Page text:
Much of the material used to foster the Russia hoax originated from the discredited "Steele Dossier," pedaled by former British spy Christopher Steele, funded by Clinton-linked opposition research firm FusionGPS, and pushed by Clinton campaign lawyer Michael Sussman. This discredited information was shared widely -- and often, it seems, with prior knowledge of its falseness -- through the mainstream media and social media when it was leaked to the press early in 2017 just before Donald Trump was sworn in as president. The material contributed to the launching of the Mueller "Russiagate" investigation, which cast a shadow over the first two years of the Trump administration. Government officials were involved as CIA Director John BrennanFBI Director James Comey and DNI James Clapper all lent their credibility to the supposed authenticity or seriousness of the Russian materials. All of this did tremendous damage to the effectiveness of the Trump administration, as it sought to govern, by putting it under a cloud of suspicion and illegitimacy from the outset.

This, however, was not the only example. Consider the disrupted kidnapping plot against Michigan Governor Gretchen Whitmer in her key swing state for presidential elections. "The FBI got walloped [in April]", according to the New York Post, " when a Michigan jury concluded that the bureau had entrapped two men accused of plotting to kidnap Gov. Gretchen Whitmer. Those men and others were arrested a few weeks before the 2020 election in a high-profile, FBI-fabricated case...."

The media, however, for the most part portrayed the kidnapping plot as the work of domestic terrorists, with the implied inference being they were right-wing Trump supporters. Whitmer went so far as to accuse Trump of being complicit in the plan, even though it emerged that these alleged plotters had also supposedly wanted to hang Trump. The FBI, it was later shown, had been heavily involved in the plot through informants and individuals it had placed in the group. By the time the case came to trial after the election, Biden had won Michigan's electoral votes and the damage had been done.

Consider, also, the COVID pandemic. The "facts" at the time were supposedly that it came from "nature" and that the Chinese Communist Party (CCP) government had supposedly known nothing about its human-to-human transmissibility, even though it had "made whistleblowers disappear and refused to hand over virus samples so the West could make a vaccine."

The CCP, early on, was portrayed as a constructive player in controlling the spread of the virus, even as it was recalling and hoarding all of its Personal Protective Equipment (PPE). This fiction was reinforced by Dr. Anthony Fauci, the World Health Organization, and other prominent participants – apart from Taiwan, which futilely tried to warn the WHO of the coronavirus's fierce human-to-human transmissibility, only to be dismissed.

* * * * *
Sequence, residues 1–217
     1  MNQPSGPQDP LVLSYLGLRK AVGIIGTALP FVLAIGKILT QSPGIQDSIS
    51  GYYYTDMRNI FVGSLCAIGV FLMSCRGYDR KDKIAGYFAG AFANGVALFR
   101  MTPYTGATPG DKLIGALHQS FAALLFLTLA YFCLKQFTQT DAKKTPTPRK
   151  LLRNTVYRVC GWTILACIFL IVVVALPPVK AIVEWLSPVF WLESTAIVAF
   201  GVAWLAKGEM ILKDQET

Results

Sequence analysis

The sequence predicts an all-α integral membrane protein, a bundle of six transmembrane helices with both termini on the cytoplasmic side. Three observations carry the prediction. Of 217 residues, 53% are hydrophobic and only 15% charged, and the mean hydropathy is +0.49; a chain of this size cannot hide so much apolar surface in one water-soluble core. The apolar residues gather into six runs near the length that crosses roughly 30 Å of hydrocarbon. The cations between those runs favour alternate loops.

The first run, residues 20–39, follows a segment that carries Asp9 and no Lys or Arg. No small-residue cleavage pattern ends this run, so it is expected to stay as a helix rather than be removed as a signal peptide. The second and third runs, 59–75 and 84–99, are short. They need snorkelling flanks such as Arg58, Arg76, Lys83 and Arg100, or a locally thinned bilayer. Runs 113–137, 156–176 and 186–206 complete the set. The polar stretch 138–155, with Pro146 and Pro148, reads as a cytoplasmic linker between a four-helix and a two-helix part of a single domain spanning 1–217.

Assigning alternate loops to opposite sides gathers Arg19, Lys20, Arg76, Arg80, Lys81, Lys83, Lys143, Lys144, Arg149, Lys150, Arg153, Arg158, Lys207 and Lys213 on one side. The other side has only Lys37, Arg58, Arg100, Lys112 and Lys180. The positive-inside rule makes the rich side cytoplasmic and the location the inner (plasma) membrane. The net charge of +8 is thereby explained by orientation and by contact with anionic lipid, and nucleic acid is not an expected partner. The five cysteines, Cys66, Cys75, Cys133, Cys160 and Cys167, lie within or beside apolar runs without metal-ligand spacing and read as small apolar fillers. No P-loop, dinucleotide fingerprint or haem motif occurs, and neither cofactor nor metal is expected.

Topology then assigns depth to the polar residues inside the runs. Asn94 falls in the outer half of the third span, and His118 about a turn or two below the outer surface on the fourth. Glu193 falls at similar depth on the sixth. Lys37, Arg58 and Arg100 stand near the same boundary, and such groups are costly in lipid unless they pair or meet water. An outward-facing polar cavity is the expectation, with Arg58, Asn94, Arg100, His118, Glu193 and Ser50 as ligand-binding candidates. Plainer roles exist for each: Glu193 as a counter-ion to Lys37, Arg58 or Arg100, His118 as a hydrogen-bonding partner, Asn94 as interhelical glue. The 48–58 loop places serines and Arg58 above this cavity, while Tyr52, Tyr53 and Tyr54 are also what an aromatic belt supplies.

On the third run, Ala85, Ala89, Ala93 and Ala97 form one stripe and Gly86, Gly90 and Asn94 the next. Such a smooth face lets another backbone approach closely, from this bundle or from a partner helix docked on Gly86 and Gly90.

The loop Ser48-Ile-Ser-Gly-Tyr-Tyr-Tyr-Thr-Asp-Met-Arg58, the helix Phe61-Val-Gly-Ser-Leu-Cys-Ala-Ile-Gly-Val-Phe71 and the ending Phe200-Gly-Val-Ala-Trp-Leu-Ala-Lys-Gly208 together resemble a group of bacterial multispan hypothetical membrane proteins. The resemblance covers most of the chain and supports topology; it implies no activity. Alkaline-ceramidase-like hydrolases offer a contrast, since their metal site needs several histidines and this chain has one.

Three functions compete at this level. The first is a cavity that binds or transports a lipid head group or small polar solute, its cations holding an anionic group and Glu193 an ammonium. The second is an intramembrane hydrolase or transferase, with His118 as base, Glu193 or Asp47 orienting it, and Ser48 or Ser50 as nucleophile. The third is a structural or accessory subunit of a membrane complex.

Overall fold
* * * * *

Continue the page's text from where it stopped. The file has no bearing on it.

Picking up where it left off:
The mainstream media and social media also quickly began parroting the "official" story line. Social media companies suspended the accounts of whoever might have had a different opinion and some were even canceled.

For the 10 months leading up to the November 2020 election, the narrative was set: COVID-19 was a naturally occurring virus and the CCP was in the clear. Imagine how different the 2020 presidential election might have been if the debate was how the world would have held the CCP accountable for the leak and coverup of COVID from the Wuhan Institute of Virology. Now in 2022, a lab-leak is considered the most "likely cause" of the coronavirus, but again the political damage, and a gigantic amount of non-political damage, has already been done. The real hoax appears to have been the CCP's ostensible good behavior and the now-hugely-discredited initial reporting on the virus.

Or how about the Hunter Biden laptop cover-up? Once again, On October 14, 2020, just weeks before the 2020 presidential election, a critical story of possible extensive influence-peddling with senior intelligence officers in the CCP, Russia and Ukraine by the son of a presidential candidate. The contents of the laptop raised questions that the candidate at the time, Vice President Joe Biden, could be compromised. The entire subject was decisively pushed aside, along with the potential threat to national security that such an eventuality might entail.

Discussion of Hunter Biden's laptop with its reportedly incriminating information about the Biden family business dealings with the CCPRussia, and other actors in what appeared to be a model of pay-for-play, was instantly shut down. Fifty-one former government intelligence officials , who we now know were perfectly well aware that the laptop was real – the FBI had been holding it for months -- wrote a letter describing the contents of the laptop as having "all the classic earmarks of a Russian information operation" designed to damage Joe Biden.

NPR famously downplayed the story, and once again, if you used social media to post information originally reported by the New York Post, you were canceled.

A year and a half after the election, the facts were finally "officially" accepted: Well, what do you know, it really was Hunter Biden's laptop and the material on it "is real!"